Let's be honest. Flying coach class has lost some—okay, all—of its charm. If the airlines are determined to make us miserable, then it's up to us, the flying public, to take matters of comfort into our own hands.
Enter the in-flight cocktail. Creating your own mixed drinks on the plane requires a bit of preplanning and paying close attention to TSA's 3-1-1 rule, but it's well worth the effort. Start by purchasing jars and bottles that are less than three ounces (you can find them at Amazon). Next, deconstruct your favorite cocktail recipe and make sure you have all the components you need. For the main spirit, you can either purchase onboard or pack your favorite mini bottles in your carry-on.
Here are 10 of the best and easiest cocktails to mix on the plane. One note to remember: These cocktails are made in-flight and therefore may cut a few corners or veer from the traditional techniques in small but crucial ways. They will, however, be far superior to anything you can actually purchase on the plane. Each of the recipes below will make one cocktail. Cheers!
It may be old fashioned, but this cocktail is always in style. The garnishes are optional—some people prefer the drink just as it is—but I always opt for snacks with my alcohol, especially on a long flight.
At Home: Pour Angostura bitters into a small dropper bottle. Pack sugar cubes in a small plastic container. Add orange slices to a zipped-top bag. Store cocktail cherries in a small plastic container. Pack a muddler or spoon.
In-Flight: Purchase a mini-bottle of bourbon (or pack your preferred brand before take-off). Ask for two glasses; one with ice. In the empty glass, add two dashes of bitters to a sugar cube. Add a dash of plain water from the melting ice, if needed. Muddle the sugar cube until dissolved. Add ice and the whiskey. Garnish with a slice of orange and a cocktail cherry.
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Hello, vacation—even when you're sitting in coach class. This may seem like a little bit of work, but you've got a little time on your hands. If this is your drink of choice, and you don't want to attempt two glasses for shaking, you can always invest in a mini shaker for easier mixing.
At Home: Pour sea salt (infused or otherwise) into a small plastic container. Fill a one ounce jar with fresh lime juice. Fill another one ounce jar with Cointreau or purchase a mini-bottle. Slice lime wedges and store in a zip-top bag.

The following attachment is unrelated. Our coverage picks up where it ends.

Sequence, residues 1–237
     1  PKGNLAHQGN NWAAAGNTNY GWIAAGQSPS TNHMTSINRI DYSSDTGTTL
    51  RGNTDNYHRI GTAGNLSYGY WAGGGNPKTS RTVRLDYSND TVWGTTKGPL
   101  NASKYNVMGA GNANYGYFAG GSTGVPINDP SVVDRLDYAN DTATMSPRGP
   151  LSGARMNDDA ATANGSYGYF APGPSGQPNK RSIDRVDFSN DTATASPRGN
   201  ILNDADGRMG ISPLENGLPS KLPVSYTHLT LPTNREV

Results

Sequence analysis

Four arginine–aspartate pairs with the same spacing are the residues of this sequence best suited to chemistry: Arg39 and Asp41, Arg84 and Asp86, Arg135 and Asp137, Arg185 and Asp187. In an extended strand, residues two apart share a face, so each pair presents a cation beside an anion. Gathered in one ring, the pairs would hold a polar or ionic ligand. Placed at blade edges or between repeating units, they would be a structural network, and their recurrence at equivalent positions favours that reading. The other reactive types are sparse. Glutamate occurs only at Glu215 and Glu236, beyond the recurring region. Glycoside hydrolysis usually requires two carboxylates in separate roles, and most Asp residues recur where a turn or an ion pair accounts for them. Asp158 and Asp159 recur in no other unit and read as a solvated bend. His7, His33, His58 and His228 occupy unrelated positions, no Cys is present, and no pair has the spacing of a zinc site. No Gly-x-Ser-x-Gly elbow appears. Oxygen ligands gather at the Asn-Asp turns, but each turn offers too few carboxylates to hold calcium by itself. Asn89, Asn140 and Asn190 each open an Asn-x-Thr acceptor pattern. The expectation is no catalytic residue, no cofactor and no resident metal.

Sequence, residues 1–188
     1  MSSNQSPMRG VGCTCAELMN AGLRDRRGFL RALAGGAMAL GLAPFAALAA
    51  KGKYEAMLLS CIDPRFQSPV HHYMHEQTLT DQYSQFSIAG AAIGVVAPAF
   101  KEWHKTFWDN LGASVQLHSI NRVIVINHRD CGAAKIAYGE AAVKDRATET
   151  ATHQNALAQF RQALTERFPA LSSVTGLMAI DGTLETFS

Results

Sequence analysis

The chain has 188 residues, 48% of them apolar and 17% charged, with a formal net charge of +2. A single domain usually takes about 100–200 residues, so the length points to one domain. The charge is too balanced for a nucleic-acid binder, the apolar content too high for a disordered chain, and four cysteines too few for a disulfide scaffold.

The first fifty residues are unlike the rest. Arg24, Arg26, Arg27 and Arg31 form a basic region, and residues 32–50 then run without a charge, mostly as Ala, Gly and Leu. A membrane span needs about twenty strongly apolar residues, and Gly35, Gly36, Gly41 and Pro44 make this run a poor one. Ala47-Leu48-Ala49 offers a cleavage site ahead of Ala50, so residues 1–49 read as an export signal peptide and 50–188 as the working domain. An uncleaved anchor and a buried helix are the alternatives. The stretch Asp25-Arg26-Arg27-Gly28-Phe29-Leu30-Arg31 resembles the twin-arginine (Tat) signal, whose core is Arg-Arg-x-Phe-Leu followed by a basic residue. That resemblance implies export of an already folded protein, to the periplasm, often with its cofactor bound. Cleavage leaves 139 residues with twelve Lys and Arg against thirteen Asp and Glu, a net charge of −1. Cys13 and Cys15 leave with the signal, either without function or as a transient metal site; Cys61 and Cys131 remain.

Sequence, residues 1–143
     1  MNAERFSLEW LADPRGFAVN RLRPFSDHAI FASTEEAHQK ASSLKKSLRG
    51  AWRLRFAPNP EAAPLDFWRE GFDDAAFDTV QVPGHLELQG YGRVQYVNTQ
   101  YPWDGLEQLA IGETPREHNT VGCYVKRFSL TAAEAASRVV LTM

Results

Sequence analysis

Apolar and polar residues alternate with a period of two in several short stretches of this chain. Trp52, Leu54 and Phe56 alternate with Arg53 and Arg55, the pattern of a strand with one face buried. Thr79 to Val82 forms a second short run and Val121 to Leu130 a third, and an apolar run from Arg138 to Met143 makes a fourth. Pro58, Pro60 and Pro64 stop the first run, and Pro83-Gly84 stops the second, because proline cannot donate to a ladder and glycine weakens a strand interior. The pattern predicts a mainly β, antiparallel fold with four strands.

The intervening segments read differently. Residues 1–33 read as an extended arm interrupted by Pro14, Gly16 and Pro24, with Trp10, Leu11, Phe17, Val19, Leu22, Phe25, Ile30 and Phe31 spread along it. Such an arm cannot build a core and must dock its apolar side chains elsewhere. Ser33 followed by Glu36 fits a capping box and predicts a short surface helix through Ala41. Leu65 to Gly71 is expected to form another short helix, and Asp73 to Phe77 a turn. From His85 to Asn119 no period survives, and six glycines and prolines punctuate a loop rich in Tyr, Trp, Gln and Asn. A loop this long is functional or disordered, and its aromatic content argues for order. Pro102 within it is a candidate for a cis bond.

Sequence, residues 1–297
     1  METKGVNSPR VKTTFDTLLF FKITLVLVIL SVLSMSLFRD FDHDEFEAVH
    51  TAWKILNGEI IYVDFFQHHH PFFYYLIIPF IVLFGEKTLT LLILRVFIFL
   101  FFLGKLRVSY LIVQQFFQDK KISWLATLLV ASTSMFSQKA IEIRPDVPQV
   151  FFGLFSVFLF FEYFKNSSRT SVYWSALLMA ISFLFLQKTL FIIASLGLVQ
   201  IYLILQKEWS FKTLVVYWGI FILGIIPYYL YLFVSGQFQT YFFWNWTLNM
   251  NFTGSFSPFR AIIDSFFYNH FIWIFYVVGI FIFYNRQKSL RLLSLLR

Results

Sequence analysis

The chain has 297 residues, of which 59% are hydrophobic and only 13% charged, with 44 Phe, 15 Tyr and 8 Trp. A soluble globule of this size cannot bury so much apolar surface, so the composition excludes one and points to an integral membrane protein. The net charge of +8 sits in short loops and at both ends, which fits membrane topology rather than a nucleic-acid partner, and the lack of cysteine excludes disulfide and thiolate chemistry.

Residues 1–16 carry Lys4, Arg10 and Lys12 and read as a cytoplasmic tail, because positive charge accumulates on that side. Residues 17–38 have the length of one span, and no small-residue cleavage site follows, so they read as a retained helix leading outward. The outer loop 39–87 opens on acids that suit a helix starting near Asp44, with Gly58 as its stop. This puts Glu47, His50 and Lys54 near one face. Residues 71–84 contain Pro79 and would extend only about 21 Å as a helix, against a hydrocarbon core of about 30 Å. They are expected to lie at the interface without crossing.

In-Flight: Purchase a mini-bottle of Tequila. Ask the flight attendant for two glasses; one with ice. Pour the tequila, lime juice, and one ounce Cointreau into one glass and place the other glass over it. Seal the two glasses and careful0ly shake back and forth a few times. Take a lime wedge and rub the rim of the empty glass. Pour some of the salt into the lid of the plastic container and place the lime-rubbed rim into it the salt to get it to stick. Carefully pour the tequila mixture (ice and all) into the glass.
This classic cocktail screams sophistication—even in a plastic cup. The drink is all about personal taste, and a great deal depends on the amount of vermouth. I like to just coat the glass, but adjust it to your own tastes. Just like with the margarita, you may want a mini shaker if this becomes your traveling-cocktail companion.
At Home: Pour 1/2 ounce dry vermouth in a small jar. Add stuffed green olives and pickled onions, if desired, to a small plastic container. Pack a bar or Julep strainer, if you have one handy. To make a Dirty Martini, simply pack 1/4 ounce olive juice in a small jar at home and add this at the same time as the gin or vodka.
In-Flight: Purchase a mini-bottle of gin or vodka (or pack your favorite spirit before take-off). Ask for two glasses (one with ice). Pour the vermouth into the empty glass and swirl it to coat the inside. Pour the vermouth back into its jar. Add the gin or vodka. Seal the two glasses and carefully shake back and forth a few times. Strain the liquid into the empty glass, and garnish with olive and/or onions.
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You may have to skip the chilled copper mug this cocktail is typically served in, but one sip on a crowded flight and you probably won't care.
At Home: Make a ginger simple syrup by boiling one cup granulated sugar and one cup water with one tablespoon chopped fresh ginger. After the sugar dissolves, remove from heat and let steep for 10 minutes. Strain and let cool. Pour 1 1/2 ounces of the ginger simple syrup in a small jar—save the rest for at-home cocktails or hot tea. Squeeze one ounce fresh lime juice into a small jar. Slice lime wedges and store in a zip-top bag. Pack a few pieces of candied ginger in a small plastic container, if desired.
In-Flight: Purchase a mini-bottle of vodka and ask for a club soda. Add the vodka, lime juice, ginger simple syrup, and club soda to a glass with ice. Stir and garnish with a lime wedge or candied ginger.